U.S. President Barack Obama's fiscal 2017 budget would produce $6.9 trillion in deficits over the next decade if enacted, about $2.4 trillion less than under current tax and spending laws, congressional forecasters said on Tuesday.
The Congressional Budget Office said in a new analysis, however, that its 10-year deficit estimate is $776 billion higher than the administration's own forecast. This is largely the result of lower revenues resulting from the CBO's projections for slower economic growth, lower wage and salary growth, and lower revenue gains associated with Obama's tax proposals.
Obama's budget calls for limiting tax deductions for high-income taxpayers, increasing capital gains taxes, and imposing minimum taxes on foreign income and about a $10-a-barrel oil tax. The CBO's estimate of a $2.8 trillion revenue gain through fiscal 2026 would also partly come from the enactment of immigration reforms, estimated to result in $386 billion in new revenue over the decade.
Obama's budget plan has no chance of passing in the Republican-controlled Congress. The House and the Senate are working on budget resolutions that are expected to adhere to spending limits agreed to in a two-year budget deal largely negotiated last year by former House Speaker John Boehner and the White House.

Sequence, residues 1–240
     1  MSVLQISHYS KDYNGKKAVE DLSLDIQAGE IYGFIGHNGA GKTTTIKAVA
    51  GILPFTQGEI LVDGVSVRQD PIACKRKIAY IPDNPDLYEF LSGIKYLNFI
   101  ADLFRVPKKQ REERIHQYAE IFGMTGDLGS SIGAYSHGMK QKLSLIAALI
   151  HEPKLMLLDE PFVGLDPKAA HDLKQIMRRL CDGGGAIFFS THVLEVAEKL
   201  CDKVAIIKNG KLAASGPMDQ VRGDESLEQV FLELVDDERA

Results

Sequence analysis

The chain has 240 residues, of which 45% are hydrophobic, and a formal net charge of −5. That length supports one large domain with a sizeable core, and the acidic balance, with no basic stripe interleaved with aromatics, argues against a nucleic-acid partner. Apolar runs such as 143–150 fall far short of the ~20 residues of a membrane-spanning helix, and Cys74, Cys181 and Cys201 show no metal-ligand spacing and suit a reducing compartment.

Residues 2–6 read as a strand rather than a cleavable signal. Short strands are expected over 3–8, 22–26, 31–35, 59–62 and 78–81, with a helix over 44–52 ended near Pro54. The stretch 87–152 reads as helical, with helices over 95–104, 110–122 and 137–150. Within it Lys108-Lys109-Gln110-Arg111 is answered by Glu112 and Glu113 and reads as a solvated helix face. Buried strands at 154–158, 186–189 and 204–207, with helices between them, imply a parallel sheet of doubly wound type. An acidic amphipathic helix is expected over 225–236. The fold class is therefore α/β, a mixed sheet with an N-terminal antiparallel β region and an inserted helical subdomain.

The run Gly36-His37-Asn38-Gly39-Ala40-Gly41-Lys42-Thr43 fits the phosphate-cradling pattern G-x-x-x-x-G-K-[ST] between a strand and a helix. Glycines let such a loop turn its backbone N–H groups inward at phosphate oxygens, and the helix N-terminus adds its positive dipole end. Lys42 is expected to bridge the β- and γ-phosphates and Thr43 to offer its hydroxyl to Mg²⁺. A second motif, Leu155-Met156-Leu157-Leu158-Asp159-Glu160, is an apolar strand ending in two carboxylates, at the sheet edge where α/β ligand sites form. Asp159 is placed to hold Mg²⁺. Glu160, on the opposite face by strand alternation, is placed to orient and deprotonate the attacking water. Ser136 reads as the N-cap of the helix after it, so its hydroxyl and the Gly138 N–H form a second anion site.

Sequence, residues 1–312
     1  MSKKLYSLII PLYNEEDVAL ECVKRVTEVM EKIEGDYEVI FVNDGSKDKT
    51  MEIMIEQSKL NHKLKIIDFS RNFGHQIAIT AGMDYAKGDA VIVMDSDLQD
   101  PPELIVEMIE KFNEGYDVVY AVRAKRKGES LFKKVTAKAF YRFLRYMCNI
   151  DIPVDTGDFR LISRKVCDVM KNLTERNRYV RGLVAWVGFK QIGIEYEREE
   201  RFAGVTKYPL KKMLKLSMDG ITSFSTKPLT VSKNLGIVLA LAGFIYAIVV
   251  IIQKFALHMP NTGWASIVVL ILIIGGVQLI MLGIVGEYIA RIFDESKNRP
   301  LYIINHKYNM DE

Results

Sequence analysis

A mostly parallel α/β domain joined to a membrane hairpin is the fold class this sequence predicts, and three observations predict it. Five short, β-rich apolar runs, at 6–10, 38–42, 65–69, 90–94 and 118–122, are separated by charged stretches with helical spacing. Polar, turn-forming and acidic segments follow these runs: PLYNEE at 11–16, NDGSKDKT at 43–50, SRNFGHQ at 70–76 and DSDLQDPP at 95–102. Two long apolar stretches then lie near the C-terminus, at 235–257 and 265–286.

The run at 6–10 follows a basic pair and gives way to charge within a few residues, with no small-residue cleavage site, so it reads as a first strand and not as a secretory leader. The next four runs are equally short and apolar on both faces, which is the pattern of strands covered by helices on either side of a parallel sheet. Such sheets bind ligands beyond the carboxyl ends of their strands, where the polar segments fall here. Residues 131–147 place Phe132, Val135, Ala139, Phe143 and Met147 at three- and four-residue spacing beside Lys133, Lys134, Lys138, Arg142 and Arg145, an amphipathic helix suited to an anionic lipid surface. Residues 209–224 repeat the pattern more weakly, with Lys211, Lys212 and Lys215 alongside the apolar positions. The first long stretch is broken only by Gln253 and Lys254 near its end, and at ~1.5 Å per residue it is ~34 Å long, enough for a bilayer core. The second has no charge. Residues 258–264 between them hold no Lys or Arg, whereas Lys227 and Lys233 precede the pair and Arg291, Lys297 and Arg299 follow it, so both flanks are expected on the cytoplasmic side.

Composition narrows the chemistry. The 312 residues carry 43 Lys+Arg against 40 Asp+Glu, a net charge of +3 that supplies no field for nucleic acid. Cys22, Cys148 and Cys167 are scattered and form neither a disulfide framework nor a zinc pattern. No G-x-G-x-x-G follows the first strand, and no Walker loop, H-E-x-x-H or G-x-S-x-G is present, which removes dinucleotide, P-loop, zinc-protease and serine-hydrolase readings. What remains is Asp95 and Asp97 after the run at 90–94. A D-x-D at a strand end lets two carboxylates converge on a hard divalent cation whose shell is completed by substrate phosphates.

Some Republican conservatives, however, have called for lower spending levels for government agencies or savings elsewhere in the budget.
The nonpartisan CBO said that spending outlays would also be higher in Obama's budget by about $400 billion over the 10-year period than under current laws.
In the near term, the agency said, the deficit under Obama's budget for fiscal 2017 would be $433 billion, versus $550 billion under current law. In 2018, the deficit would fall to $383 billion, or 1.9 percent of gross domestic product, before steadily climbing to $972 billion, or 3.5 percent of GDP, in 2026 as costs associated with aging Baby Boomers mount.
Over the decade, the CBO said, the cumulative 10-year deficit would be 3 percent versus 4 percent with no changes in law. Many economists say deficits under 3 percent of GDP are considered sustainable.
Debt held by the public in 2026 would be 77.4 percent of GDP under Obama's budget versus the current trajectory of 85.6 percent.
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